- Deal 13 cards each, in ones, from a 52-card pack ranking AKQJ1098765432 in each suit.
Examine your hand, decide on a bid, pick a card to represent it, and hold it face
down on the table. The possible bids and the cards used to represent them are:
Win 7+ tricks at no trump (solo) Any Ace Win 7+ tricks with trumps (solo) K, Q or J of your proposed trump Win 7+ with trumps and a partner Num 3 - 10 of your proposed trump* Misère: win 0 tricks at no trump (solo) Any Deuce * Note: The higher the numeral, the more confident you should be of your bid, and vice versa.
1. If anyone puts out an Ace, the contract is an Ace solo. There is no trump, and the Ace-bidder aims to win 7 or more tricks. If there are two Ace-bidders they both play as individuals (but of course at least one of them will lose).
2. If anyone puts out a Deuce they play a Misère. There is no trump and they aim to lose every trick. If there are both Ace and Deuce bidders, they all play their contracts simultaneously and will all score as individuals according to the outcome.
3. If anyone puts out a court card, and there are no Aces or Deuces showing, the contract is a Court Solo in the suit of the bid-card and the soloist aims to win 7 or more tricks. If two or more bid a court solo, the soloist is the one who bid with the highest-ranking court (K beats Q beats J). If still equal, it is the eldest hand (i.e. the bidder nearest the dealer's left).
4. If the bid-cards do not include any Ace, Deuce or court card, the contract depends on the combination of suits shown on the four bid-cards as follows:
a. All different ( ). Whoever put out the highest numeral plays a Twist Solo. The bid suit is trump and the bidder aims to win more tricks than any other individual player. (This make it possible to win with as few as four tricks, provided the others split 3-3-3.) If the same highest numeral is put out by two or more players, the soloist is the eldest of them.
b. Two of one suit (e.g. ). The two who put out the same suit play a Trump Duo. Their suit is trump and their aim is to win at least as many tricks as indicated by the higher of the two numerals - i.e., from 7 to 10. However, if both numerals are lower than Seven, they must win at least as many tricks as the sum of both numerals - i.e. from 7 (if 3+4) to 11 (if 5+6).
c. Two each of two suits (e.g. ) Each pair who put out the same suit are partners in a Plain Duo. This is played at no trump and is won by whichever side wins 7 or more tricks.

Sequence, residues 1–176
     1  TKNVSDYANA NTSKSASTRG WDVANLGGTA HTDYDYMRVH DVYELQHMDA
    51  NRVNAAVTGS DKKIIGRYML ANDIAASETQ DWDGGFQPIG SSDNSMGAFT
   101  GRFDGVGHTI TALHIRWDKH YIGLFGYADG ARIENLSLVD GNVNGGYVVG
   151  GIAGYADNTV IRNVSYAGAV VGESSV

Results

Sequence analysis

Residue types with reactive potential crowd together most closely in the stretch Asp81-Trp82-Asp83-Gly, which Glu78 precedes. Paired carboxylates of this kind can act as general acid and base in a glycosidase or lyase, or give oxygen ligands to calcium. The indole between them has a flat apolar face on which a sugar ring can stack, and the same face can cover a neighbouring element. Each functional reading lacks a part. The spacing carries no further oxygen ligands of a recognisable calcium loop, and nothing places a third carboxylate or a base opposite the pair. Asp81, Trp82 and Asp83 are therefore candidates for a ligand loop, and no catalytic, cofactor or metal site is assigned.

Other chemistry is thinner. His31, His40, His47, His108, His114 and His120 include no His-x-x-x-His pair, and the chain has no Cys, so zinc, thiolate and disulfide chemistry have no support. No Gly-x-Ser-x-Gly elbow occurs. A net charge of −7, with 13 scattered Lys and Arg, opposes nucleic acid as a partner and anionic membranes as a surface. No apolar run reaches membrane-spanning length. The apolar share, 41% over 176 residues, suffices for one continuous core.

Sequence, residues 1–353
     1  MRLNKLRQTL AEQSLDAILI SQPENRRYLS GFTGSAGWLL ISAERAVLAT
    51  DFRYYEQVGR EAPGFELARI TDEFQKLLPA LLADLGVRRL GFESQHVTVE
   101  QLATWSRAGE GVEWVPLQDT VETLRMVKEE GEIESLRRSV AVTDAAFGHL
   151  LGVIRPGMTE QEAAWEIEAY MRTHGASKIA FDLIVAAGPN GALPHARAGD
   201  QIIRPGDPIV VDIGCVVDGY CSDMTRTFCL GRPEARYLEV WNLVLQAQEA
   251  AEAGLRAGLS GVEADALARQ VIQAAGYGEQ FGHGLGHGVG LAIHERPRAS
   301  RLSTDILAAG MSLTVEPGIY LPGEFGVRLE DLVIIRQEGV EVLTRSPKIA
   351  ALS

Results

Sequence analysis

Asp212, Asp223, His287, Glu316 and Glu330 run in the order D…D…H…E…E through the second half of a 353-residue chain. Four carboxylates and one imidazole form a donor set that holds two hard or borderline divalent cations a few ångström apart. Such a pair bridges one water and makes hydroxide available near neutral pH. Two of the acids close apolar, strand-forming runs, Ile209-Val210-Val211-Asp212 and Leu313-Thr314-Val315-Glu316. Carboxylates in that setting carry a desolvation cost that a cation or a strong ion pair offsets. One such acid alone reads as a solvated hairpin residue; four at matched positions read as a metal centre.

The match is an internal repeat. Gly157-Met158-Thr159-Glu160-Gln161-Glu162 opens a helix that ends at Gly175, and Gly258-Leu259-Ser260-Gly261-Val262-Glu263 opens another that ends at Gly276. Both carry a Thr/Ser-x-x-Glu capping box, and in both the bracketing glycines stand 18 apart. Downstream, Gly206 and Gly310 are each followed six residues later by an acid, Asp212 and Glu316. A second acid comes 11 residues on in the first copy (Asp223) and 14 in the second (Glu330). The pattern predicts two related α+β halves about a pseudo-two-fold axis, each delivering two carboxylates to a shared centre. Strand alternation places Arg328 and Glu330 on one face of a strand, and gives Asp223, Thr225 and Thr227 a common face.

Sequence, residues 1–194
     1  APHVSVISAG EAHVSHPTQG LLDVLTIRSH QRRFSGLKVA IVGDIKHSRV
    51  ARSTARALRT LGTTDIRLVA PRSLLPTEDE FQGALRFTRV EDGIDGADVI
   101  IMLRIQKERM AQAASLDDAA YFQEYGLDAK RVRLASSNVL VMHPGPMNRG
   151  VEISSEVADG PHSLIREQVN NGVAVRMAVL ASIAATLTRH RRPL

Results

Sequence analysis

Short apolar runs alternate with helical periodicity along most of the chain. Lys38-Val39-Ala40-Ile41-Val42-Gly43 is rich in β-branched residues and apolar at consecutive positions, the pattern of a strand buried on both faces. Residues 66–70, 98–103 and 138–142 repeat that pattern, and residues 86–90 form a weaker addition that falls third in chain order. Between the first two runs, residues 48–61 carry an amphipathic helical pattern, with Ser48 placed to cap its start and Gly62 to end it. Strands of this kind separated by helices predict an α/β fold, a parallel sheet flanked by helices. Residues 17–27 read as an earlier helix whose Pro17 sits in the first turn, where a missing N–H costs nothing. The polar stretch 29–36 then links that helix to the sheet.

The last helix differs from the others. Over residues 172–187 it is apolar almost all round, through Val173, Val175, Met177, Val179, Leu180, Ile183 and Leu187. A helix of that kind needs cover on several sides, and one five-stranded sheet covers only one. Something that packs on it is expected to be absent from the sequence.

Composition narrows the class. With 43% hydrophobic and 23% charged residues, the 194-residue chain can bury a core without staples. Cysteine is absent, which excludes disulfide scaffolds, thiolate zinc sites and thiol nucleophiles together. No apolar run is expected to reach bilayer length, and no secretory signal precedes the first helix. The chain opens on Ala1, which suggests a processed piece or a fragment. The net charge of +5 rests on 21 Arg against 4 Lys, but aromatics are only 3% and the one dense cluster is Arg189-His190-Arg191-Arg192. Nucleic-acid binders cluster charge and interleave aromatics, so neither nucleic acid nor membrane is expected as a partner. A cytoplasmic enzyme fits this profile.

d. Three or four of a suit ( and any other). The game is a Nemo. Everyone plays for themselves at no trump and the aim is to win tricks that do not contain any card of the suit bid (in this case ).
- The opening lead is made by whomever the soloist nominates to make it. If there is no soloist, or more than one, it is made by the eldest hand. You must follow suit if you can, but may otherwise play any card. The trick is taken by the highest card of the suit led, or by the highest trump if any are played, and the winner of each trick leads to the next.
- Scores are kept individually and cumulatively, and can fall below zero. Each
soloist or duettist scores as follows:
* Ten points for each trick won by the opponent who took most.
Contract Target Score if win Deduct if lose Ace solo 7+ at no trump 20 per trick won 20 per trick lost Court solo 7+ in suit 15 per trick won 15 per trick lost Twist solo most in suit 10 per trick won 10 per trick beaten by * Misère 0 at no trump 150 150 Trump duo as per bid-cards 10 per trick won 10 per trick lost Plain duo 7+ at no trump 10 per trick won 0 Nemo win clean tricks 10/20 per clean trick** 0
** Ten points for each trick you take that does not include a card of the unwanted suit, or 20 per trick for taking no such cards at all. There is no score for winning no trick. (You should have bid misère!)
- Play up to 500 points, or to any other agreed target score, or for a previously agreed number of deals. Or, to put it another way, keep playing till you're fed up with it.
Copyright © renewed 2017 by David Parlett